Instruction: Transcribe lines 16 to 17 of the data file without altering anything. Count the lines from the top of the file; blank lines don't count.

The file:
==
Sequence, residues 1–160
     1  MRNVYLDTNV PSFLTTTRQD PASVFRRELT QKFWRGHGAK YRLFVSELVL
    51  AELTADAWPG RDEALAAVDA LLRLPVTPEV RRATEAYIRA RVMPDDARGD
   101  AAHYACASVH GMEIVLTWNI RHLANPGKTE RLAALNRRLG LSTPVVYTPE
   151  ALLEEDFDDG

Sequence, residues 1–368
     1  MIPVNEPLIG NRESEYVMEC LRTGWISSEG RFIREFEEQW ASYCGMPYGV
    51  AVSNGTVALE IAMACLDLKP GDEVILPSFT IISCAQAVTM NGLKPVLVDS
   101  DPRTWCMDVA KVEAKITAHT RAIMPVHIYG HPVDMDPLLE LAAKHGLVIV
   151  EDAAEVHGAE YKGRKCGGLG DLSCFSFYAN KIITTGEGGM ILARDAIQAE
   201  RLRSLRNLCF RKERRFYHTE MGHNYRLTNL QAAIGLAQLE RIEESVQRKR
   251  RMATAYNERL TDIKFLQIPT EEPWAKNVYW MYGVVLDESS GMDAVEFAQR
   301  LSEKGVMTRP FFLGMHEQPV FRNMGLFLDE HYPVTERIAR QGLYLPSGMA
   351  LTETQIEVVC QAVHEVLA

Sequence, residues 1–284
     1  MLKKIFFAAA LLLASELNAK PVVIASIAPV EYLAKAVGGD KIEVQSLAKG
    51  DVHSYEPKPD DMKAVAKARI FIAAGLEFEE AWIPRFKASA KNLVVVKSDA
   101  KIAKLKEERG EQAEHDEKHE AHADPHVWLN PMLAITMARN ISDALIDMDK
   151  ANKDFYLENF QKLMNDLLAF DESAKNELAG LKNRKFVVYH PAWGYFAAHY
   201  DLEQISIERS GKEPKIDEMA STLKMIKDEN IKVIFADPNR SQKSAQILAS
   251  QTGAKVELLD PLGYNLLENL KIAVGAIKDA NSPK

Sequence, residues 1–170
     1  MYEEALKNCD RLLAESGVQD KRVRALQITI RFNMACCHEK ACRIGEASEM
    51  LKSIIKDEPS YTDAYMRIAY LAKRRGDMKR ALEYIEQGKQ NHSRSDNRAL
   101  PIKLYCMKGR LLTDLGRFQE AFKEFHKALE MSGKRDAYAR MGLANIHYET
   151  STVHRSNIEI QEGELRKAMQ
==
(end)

     1  MLKKIFFAAA LLLASELNAK PVVIASIAPV EYLAKAVGGD KIEVQSLAKG
    51  DVHSYEPKPD DMKAVAKARI FIAAGLEFEE AWIPRFKASA KNLVVVKSDA